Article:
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Betrachtung der klinischen Befunde zur Methode der modulierten Elektro-Hyperthermie (mEHT): Ein Update für praktizierende Onkologen
Background: Modulated electro-hyperthermia (mEHT) is a variation of the conventional hyperthermia which selectively targets the malignant cell membranes in order to heat the malignant tissue and sensitize the tissue to oncology treatments. Although widely applied, the formulation of guidelines for the use thereof is still in progress for many tumors.
Aim: In this paper we review the literature on the effects of mEHT in cancer patients on local disease control and survival.
Methodology: Our review on data presents the collected experience with capacitive hyperthermia treatments with the EHY-2000+ device (OncoTherm Ltd., Germany). A literature search was conducted in Pubmed and articles were grouped and discussed according to: trial type, animal studies, in vitro studies, and reviews. Search results from Conference Abstracts; Trial Registries; Thesis and Dissertations and the Oncothermia Journal were included in the discussions.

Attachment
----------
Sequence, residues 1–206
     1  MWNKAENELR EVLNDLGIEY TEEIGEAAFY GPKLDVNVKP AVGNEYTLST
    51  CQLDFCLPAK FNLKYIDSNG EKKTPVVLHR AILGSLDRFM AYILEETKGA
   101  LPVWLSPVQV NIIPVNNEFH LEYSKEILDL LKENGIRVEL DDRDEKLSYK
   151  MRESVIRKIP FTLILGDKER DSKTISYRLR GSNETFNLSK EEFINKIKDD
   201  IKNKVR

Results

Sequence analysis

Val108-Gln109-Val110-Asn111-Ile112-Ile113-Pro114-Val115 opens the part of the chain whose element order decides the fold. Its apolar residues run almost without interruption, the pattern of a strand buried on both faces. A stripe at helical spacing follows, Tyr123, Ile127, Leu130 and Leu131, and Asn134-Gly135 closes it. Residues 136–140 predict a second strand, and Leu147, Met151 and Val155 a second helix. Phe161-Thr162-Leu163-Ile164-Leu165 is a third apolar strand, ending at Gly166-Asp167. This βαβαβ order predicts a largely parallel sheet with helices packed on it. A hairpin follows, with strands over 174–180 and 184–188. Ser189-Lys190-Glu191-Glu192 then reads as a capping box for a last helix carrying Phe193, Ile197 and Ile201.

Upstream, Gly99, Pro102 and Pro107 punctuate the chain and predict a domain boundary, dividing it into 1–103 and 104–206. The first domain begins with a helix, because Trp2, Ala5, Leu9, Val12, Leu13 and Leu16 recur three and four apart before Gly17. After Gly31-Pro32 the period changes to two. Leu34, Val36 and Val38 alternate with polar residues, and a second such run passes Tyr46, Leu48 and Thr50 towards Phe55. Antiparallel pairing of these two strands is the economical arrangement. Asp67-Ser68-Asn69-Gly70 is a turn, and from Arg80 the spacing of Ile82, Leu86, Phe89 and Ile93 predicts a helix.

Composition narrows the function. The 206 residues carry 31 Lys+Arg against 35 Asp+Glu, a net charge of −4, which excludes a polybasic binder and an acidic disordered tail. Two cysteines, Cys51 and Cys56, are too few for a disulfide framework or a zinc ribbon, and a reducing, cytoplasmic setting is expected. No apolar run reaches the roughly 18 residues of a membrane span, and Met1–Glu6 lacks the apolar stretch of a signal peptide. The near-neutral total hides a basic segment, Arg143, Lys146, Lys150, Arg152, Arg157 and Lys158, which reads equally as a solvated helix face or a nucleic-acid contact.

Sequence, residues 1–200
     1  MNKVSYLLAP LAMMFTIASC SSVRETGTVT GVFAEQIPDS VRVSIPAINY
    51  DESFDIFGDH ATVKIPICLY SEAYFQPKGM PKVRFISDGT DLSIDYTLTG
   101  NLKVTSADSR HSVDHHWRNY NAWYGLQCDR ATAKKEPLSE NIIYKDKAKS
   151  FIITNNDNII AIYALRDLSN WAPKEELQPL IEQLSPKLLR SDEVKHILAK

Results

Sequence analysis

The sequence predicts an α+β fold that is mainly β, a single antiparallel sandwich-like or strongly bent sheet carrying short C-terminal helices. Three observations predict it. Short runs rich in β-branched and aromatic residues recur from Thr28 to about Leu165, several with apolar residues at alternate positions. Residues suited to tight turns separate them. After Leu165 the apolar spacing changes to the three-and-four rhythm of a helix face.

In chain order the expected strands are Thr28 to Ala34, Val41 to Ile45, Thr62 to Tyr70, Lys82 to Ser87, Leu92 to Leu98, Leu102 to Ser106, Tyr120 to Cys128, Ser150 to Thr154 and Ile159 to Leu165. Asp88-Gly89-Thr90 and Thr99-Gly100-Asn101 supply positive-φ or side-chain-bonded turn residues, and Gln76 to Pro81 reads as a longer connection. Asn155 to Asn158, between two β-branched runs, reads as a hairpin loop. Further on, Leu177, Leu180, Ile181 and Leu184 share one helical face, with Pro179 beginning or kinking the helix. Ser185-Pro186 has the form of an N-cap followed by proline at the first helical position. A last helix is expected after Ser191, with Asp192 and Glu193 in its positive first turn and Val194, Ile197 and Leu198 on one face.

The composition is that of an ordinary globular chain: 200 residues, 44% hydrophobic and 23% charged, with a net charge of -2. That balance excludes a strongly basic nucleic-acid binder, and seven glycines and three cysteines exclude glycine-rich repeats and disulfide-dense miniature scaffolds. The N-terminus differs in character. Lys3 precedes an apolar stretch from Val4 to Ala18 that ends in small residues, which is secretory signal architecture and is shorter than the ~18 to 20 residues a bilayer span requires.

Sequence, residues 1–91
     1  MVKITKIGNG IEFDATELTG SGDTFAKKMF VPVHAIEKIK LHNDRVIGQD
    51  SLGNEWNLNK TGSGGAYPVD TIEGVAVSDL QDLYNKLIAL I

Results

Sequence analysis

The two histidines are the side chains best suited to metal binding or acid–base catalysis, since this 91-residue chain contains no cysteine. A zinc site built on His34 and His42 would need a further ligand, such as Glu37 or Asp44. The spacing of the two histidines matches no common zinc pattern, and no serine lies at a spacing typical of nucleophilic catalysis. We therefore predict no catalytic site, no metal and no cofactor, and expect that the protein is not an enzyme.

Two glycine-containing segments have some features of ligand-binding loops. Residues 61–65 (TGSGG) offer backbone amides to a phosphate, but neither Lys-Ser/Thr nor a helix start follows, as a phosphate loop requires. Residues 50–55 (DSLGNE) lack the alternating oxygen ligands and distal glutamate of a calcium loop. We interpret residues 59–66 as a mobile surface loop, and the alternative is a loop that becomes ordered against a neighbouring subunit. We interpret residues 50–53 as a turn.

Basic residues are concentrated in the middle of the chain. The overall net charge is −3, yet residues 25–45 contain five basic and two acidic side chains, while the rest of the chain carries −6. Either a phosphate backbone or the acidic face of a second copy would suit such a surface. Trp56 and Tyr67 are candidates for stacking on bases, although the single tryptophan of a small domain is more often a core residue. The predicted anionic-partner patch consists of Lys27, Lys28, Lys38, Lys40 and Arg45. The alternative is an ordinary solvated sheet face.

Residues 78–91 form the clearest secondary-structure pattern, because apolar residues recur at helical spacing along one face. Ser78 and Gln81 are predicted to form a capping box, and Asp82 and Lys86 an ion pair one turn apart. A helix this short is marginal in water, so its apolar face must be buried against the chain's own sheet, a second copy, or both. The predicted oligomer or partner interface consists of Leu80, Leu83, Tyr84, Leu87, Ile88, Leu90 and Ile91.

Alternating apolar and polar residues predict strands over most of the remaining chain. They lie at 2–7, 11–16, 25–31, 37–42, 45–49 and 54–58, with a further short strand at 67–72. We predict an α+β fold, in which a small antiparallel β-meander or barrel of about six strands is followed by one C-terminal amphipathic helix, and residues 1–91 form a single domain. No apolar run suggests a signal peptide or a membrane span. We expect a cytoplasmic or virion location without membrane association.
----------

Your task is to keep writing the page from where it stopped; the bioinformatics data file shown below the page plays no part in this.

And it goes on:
Results: Modulated electro-hyperthermia is a safe form of hyperthermia which has shown to effectively sensitizes deep tumors, regardless of the thickness of the adipose layers. The technology has demonstrated equal benefits compared to other forms of hyperthermia for a variety of tumors. Given the effective heating ability to moderate temperatures, the improved tumor perfusion, and ability to increase drug absorption, mEHT is a safe and effective heating technology which can be easily applied to sensitize tumors which have demonstrated benefits with the addition of hyperthermia. Modulated electro-hyperthermia also appears to improve local control and survival rates and appears to induce an abscopal (systemic) response to ionizing radiation.
Conclusion: Based on clinical studies, the method mEHT is a feasible hyperthermia technology for oncological applications. Concomitant utilization of mEHT is supported by the preclinical and clinical data.
1Cancer Center, Semmelweis University, Budapest, Hungary
2Radiobiology, University of the Witwatersrand, Johannesburg, South Africa
3Institute of Human Physiology and Clinical Experimental Research, Semmelweis University, Budapest, Hungary
*Correspondence: Attila M. Szasz, szaszam [kukac] gmail [pont] com
†Equal first authors